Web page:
Mauser's case stirred public controversy in Germany. Taking issue with the District Court's verdict, poet and writer Hans Magnus Enzensberger claimed that a professor had taken revenge after Mauser had blocked (or at least not promoted) her career: "Ladies whose advances are rejected are like treacherous anti-tank mines. Their thirst for revenge should never be underestimated."[16] In response, author Patrick Bahners argued that the jury had taken into account testimony by 16 witnesses; mere personal acquaintance, Bahners maintained, hardly placed Enzensberger and other friends of Mauser in a superior position to judge the events.[17] Peter Sloterdijk, in a spoken statement at the high-profile philosophy festival Phil.Cologne[18] on 21 May 2016, described the District Court's decision as a stark symptom of contemporary neo-Puritan ("neopuritanische") prudery, a social and political trend eroding the achievements of sexual liberation in Germany since the 1960s.[19] Reacting to Mauser's case,[20] the Hochschule für Musik München committed itself to stricter measures (both precautionary and in terms of sanctions) against sexual harassment.[21]

Honours (selection)[edit]

  • 2009: Austrian Cross of Honours for Science and Art
  • 2010: Cross of Merit of the Federal Republic of Germany[22]
  • 2012: King Maximilian Medal of the Federal State of Bavaria[23]


  1. ^ Ralf Wiegand/Susi Wimmer, Professor Unrat. In: Süddeutsche Zeitung, no. 113 (18 May 2018), p. 9
  2. ^ Wolfgang Gratzer, 'Nachgedanken zum Salzburger Institut für musikalische Hermeneutik' (2008), in: Beiträge zur Interpretationsästhetik und zur Hermeneutik-Diskussion, ed. Claus Bockmaier (Schriften zur musikalischen Hermeneutik 10) (Laaber: Laaber, 2009), pp. 17-20
  3. ^ "Prof. Dr. Siegfried Mauser: Präsident der Musikhochschule München" (in German). Bayerischer Rundfunk. 2010-07-22. Retrieved 2011-04-22. 
  4. ^ Bayerische Akademie der schönen Künste, Direktorium. Accessed on 16 July 2015
  5. ^[permanent dead link]
  6. ^ Peter Sloterdijk, Zeilen und Tage: Notizen 2008 — 2011 (Frankfurt am Main: Suhrkamp, 2012): "man hätte Siegfried Mauser, nicht Pereira, zum neuen Leiter der Festspiele berufen [sollen]".
  7. ^
  8. ^
  9. ^ Renate Graber, Golden Handshake am Mozarteum. In: Der Standard, Vienna, Austria, 29 November 2017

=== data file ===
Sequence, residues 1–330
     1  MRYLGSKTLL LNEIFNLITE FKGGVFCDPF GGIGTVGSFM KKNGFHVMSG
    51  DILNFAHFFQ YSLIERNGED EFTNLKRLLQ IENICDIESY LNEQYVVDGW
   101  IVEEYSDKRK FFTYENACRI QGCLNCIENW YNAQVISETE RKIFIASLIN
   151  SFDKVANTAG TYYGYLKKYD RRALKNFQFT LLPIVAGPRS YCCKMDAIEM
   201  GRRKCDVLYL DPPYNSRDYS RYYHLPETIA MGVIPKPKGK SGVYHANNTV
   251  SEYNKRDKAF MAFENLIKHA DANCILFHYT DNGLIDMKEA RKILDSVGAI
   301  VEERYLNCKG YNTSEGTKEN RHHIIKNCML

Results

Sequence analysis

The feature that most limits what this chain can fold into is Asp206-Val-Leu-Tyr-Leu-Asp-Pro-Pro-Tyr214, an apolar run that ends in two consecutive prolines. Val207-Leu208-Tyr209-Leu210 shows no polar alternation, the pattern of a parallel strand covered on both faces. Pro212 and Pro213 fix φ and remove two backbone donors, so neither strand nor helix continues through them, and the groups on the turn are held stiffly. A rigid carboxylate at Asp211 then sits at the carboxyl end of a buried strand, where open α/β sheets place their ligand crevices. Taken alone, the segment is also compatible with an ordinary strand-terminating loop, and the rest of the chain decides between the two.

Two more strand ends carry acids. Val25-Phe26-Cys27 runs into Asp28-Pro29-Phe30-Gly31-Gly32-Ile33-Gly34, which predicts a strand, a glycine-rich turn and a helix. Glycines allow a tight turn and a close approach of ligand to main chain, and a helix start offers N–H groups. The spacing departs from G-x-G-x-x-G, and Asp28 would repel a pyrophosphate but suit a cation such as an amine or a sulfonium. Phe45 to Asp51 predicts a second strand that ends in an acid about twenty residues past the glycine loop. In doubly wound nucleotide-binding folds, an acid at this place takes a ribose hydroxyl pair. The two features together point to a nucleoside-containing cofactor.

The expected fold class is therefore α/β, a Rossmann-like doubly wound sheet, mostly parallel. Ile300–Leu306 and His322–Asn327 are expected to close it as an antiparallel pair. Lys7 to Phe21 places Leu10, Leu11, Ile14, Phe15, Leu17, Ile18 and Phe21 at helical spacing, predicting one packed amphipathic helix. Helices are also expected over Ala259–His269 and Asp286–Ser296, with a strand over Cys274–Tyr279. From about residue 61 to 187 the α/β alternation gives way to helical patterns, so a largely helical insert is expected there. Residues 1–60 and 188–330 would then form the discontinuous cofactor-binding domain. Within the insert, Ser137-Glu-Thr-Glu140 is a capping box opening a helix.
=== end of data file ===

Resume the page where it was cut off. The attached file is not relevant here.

10. ^ Süddeutsche Zeitung "Mit Verlaub, Sie sind ein Grapscher", accessed 14 May 2016
  11. ^
  12. ^
  13. ^ Urteil: Erneut Bewährungsstrafe für Siegfried Mauser [1] Abendzeitung München, 26 April 2017.
  14. ^
  15. ^ Ralf Wiegand/Susi Wimmer, Professor Unrat. In: Süddeutsche Zeitung, no. 113 (18 May 2018), p. 9
  16. ^ Hans Magnus Enzensberger, 'Tückische Tellerminen', Süddeutsche Zeitung, 27 May 2016: "Damen, deren Avancen zurückgewiesen werden, gleichen tückischen Tellerminen. Ihre Rachsucht sollte man nie unterschätzen."
  17. ^ Patrick Bahners, 'Tückische Tellerminen', Frankfurter Allgemeine Zeitung, 31 May 2016. In a similar vein: Christine Lemke-Matwey, 'Spezl unter Spezln. Warum Bayerns Intellektuelle der Justiz an den Karren fahren', Die Zeit no. 24, 2 June 2016
  18. ^ Phil.Cologne Website. Mauser served as one of the models for the character Mösenlechzner in Peter Sloterdijk's second, semi-autobiographical novel Das Schelling-Projekt [The Schelling Project] (Berlin: Suhrkamp, 2016), first presented in extracts at Phil.Cologne 2016.
  19. ^ In contrary spirit, Susanne Kübler, Culture Editor of Der Tagesanzeiger (Zurich, Switzerland), argued that Mauser's supporters held a view of women pre-dating the 1960s and 1970s emancipation:
  20. ^
  21. ^ "Music Schools in Germany: Measures against Sexual Harassment" (in German). Bayerischer Rundfunk. Retrieved 2016-06-15. 
  22. ^ Press Communication, accessed 10 June 2016
  23. ^ Press Communication of the Government of Bavaria, accessed 8 December 2012

External links[edit]